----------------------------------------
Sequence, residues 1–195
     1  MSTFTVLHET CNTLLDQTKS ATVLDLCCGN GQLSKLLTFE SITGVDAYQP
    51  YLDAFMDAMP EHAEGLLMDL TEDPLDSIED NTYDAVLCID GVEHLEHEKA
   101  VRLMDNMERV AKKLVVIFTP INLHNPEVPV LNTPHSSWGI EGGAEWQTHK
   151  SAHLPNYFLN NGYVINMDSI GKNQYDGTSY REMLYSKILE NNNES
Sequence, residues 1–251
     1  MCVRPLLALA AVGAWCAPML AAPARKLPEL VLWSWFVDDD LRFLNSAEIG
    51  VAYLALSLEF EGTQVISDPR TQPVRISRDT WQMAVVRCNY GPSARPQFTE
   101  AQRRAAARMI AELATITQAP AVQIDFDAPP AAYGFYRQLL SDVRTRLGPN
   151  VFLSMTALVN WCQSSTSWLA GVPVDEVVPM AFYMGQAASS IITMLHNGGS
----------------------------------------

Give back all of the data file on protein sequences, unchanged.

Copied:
Sequence, residues 1–195
     1  MSTFTVLHET CNTLLDQTKS ATVLDLCCGN GQLSKLLTFE SITGVDAYQP
    51  YLDAFMDAMP EHAEGLLMDL TEDPLDSIED NTYDAVLCID GVEHLEHEKA
   101  VRLMDNMERV AKKLVVIFTP INLHNPEVPV LNTPHSSWGI EGGAEWQTHK
   151  SAHLPNYFLN NGYVINMDSI GKNQYDGTSY REMLYSKILE NNNES
Sequence, residues 1–251
     1  MCVRPLLALA AVGAWCAPML AAPARKLPEL VLWSWFVDDD LRFLNSAEIG
    51  VAYLALSLEF EGTQVISDPR TQPVRISRDT WQMAVVRCNY GPSARPQFTE
   101  AQRRAAARMI AELATITQAP AVQIDFDAPP AAYGFYRQLL SDVRTRLGPN
   151  VFLSMTALVN WCQSSTSWLA GVPVDEVVPM AFYMGQAASS IITMLHNGGS